The term doesn’t seem to be used by scientists at all, but by ID and creation proponents that would like to convince the general public that evolutionary theory is a philosophy or opinion.

I agree that it seems to be anti-evolutionists that mainly use “Darwinism/Darwinist” - but not exclusively. Lynn Margulis, for instance, recently described herself as a staunch “Darwinist” strongly skeptical of “neo-Darwinism”. I’m still not sure exactly what distinctions she’s drawing, but I’m pretty sure her use of the terms is different from the Discovery Institute’s.

All the more reason, I think, to compile a repository of different definitions.

Enmerdement…I like that.

I’m not inclined to wade into the comments over at Red State, but if anyone else wants to, direct them to this 8/30 piece by National Review’s John Derbyshire. Derbyshire – whose right-wing credentials are impeccable – treats ID with all the respect and admiration one would expect from Richard Dawkins: http://nationalreview.com/derbyshir[…]08300823.asp

They’d probably say he’s not a christian and can’t be trusted. Besides, how could he be expected to understand ID? He has neither a degree in Law, nor one in Engineering.

All the intelligent design nonsense will ultimately hurt the conservative cause [which I believe in], I’m afraid. But John Derbyshire is a hopeful light on the right. He has said that Darwinian natural selection is an elegant theory with great explanatory power and intelligent design is religious dogma masquerading as science. National Review has recently backed away from intelligent design a little bit in their August 29 issue. All the letters to the editor in the current issue take the editors to task for not backing off intelligent design even more. Bush’s boneheaded statement about intelligent design being a competing theory that should be taught in public schools is very disappointing. I wish he would spend a little of that energy getting the tax cuts made permanent, and maybe even increasing them.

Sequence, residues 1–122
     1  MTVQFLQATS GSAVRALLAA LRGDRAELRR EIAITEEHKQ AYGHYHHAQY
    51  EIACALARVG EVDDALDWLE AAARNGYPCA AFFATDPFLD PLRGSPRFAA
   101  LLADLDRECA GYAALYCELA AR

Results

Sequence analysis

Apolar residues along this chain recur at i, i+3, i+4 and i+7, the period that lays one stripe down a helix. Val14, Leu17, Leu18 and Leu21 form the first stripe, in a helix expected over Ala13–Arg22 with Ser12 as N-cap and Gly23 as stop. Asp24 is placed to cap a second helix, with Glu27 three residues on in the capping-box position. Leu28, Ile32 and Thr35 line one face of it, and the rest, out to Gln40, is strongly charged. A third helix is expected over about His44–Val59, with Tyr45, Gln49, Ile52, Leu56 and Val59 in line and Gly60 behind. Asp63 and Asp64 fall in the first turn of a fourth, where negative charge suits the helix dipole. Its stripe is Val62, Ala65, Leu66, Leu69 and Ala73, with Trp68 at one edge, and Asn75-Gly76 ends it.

Anti-Evolution Shamelessness?

http://www.uncommondescent.com/inde[…]archives/302

chock-a-block full of science.

I don not understand how Bill can stand to be in the same room with himself. Have you no shame sir?

http://www.uncommondescent.com/index.php/archive

chock-a-block full of science.

Can someone underline the science on this blog?

I’m particularly interested in the scientific theory of ID, and how we can test it using the scientific emthod. But alas, there doesn’t seem to be any …

Comment #46401

Posted by Ken Willis on September 3, 2005 03:41 PM (e) (s)

All the intelligent design nonsense will ultimately hurt the conservative cause [which I believe in], I’m afraid.

If modern conservatism was the Derbyshire / Will / Krauthammer / Buckley / Andy Sullivan intellectual type, I would be more sympathetic. I believe conservatism is currently of a Hannity / Limbaugh / O’Reilly / Savage type, and I’ll be glad if it loses power. Back in the day, when I was more a conservative/libertarian, I told myself, well, these guys’ll be fiscally responsible, government won’t be full of eurosocialist red tape, and the supreme court will stop them from doing the nutty stuff like establishment of christianity, prohibiting gays, etc. When I started to distrust this analysis, and started to think that maybe I’d just get a fiscally irresponsible government which did the nutty social stuff, I began the road to liberalism.